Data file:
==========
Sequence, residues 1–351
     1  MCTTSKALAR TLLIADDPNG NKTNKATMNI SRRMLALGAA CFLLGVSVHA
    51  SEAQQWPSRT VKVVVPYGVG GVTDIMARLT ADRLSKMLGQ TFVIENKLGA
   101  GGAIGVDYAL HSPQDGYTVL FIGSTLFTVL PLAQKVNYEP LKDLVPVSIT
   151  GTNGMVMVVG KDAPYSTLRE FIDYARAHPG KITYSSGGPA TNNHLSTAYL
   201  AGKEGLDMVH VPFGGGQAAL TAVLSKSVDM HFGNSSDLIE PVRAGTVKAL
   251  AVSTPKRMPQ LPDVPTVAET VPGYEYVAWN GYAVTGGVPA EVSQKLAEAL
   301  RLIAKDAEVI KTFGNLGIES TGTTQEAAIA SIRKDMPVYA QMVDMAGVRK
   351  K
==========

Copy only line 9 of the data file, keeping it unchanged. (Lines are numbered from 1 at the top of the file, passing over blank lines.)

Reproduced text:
   351  K